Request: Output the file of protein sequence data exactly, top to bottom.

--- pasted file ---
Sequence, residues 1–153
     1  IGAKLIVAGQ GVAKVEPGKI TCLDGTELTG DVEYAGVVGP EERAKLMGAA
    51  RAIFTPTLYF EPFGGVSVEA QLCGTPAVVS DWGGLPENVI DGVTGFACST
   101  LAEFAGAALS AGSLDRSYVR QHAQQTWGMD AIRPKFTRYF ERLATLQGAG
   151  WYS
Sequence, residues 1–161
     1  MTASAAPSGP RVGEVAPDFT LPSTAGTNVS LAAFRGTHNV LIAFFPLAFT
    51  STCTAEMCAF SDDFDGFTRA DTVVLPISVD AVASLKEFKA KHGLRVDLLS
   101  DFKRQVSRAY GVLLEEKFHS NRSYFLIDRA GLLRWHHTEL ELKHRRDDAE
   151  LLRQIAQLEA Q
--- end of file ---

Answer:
Sequence, residues 1–153
     1  IGAKLIVAGQ GVAKVEPGKI TCLDGTELTG DVEYAGVVGP EERAKLMGAA
    51  RAIFTPTLYF EPFGGVSVEA QLCGTPAVVS DWGGLPENVI DGVTGFACST
   101  LAEFAGAALS AGSLDRSYVR QHAQQTWGMD AIRPKFTRYF ERLATLQGAG
   151  WYS
Sequence, residues 1–161
     1  MTASAAPSGP RVGEVAPDFT LPSTAGTNVS LAAFRGTHNV LIAFFPLAFT
    51  STCTAEMCAF SDDFDGFTRA DTVVLPISVD AVASLKEFKA KHGLRVDLLS
   101  DFKRQVSRAY GVLLEEKFHS NRSYFLIDRA GLLRWHHTEL ELKHRRDDAE
   151  LLRQIAQLEA Q